HashCash and Burn
Adam Backs’ HashCash was the first weaponized version of PoW. A Denial-of-Service (DoS) counter-measure first deployed to prevent email spam. Sending millions of emails ‘costs’ nothing – hardware, processing, bandwidth, etc. A lone computer sitting on the internet can send millions of emails in almost no time, constantly. HashCash enforced that a PoW payment was included whenever an email was sent. To a single user sending emails every few minutes, this was utterly negligible, a background process that hummed for a few seconds after you press the ‘Send’ button. But to the spam-machine sitting on the internet trying to send millions of emails, this would require millions of seconds of work, an impossible task.
Negligible PoW stops DoS. Negligible PoW does not stop DDoS.
This email attack is a DoS attack because there is only one machine sending the spam. A DDoS attack, a Distributed DoS attack, is when multiple machines are used. A 50,000 strong bot-net of mobile phones, could each send a message every few seconds. A million messages is now only a few minutes of distributed work. To prevent a distributed spam attack on layer 1 of a decentralized P2P blockchain network a small amount of PoW per message is not enough. Small amounts of PoW, to the individual users, are effectively free. Yes, they pay in power usage on their mobile phone, there is a time delay, but you do not notice it. You do not feel it. To prevent a DDoS attack we need something that is not ‘free’ to users.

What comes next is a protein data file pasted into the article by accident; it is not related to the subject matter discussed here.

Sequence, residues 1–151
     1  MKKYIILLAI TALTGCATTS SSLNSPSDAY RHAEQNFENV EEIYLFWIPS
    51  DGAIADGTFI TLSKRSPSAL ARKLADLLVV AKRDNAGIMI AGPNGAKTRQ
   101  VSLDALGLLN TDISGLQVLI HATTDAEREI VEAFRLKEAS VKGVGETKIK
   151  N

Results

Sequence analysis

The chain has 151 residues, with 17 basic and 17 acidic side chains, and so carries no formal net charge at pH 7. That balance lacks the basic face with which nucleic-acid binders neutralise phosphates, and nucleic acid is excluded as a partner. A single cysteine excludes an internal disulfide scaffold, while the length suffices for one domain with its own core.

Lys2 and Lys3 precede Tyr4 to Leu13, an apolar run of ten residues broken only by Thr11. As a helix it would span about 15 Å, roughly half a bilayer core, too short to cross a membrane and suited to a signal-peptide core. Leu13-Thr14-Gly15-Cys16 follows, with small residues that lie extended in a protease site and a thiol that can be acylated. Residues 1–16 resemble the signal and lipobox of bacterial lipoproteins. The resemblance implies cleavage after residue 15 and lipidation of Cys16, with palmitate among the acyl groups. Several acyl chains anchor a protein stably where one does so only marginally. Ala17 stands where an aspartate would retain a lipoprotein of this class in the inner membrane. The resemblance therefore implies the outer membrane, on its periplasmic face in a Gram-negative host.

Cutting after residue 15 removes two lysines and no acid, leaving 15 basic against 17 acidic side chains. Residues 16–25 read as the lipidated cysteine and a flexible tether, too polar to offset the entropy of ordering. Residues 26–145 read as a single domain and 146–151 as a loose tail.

On miner-centric chains, this is the fee (which serves multiple purposes). The fee must be paid for a transaction to be valid. 1 million messages now require ‘1 million fees’. The cost of the attack is now prohibitive – since the attacker must pay this, the bot-net only provides PoW. Should the attacker persist nonetheless, there is an ongoing and non-negligible cost to the attack, that cannot be sustained indefinitely.
On Minima this is the Burn (which also serves multiple purposes). A Burn, when the outputs of a transaction sum to less than the inputs, is equivalent to paying every other user a very small fee. Since ‘burning’ reduces the total number of Minima in circulation, since all coins are created at genesis, those coins that are left are more scarce and therefore more valuable. Unlike fees, the Burn has no minimum. There is no requirement for the total Burn to be large, and able to support the mining industry, that in turn secures the chain. The burn may be high during periods of heavy traffic or spam, and as it rises, traffic will decrease, and the system will self-regulate. The burn can be very low when traffic is at manageable levels as the total amount is not important, only the relative burn amounts in comparison to other transactions.
The Burn in Minima serves multiple purposes:
- A strong incentive to propagate and process a transaction.
- A method for ordering transactions and regulating on-chain traffic.
- A mechanism for spam prevention by making DDoS attacks expensive.
HashCash is totally decentralized. Each user can independently perform the required PoW, by mining their own email, and every other user can independently verify the proof. No third parties are consulted, no miners are paid. Minima is the same, but users mine transactions instead of emails.
Constructively, from the maelstrom of transactions fired across the Minima network, a single time-ordered interlocking chain of blocks emerges revealing the complete transaction history.
Minima Consensus is driven by HashCash and Burn.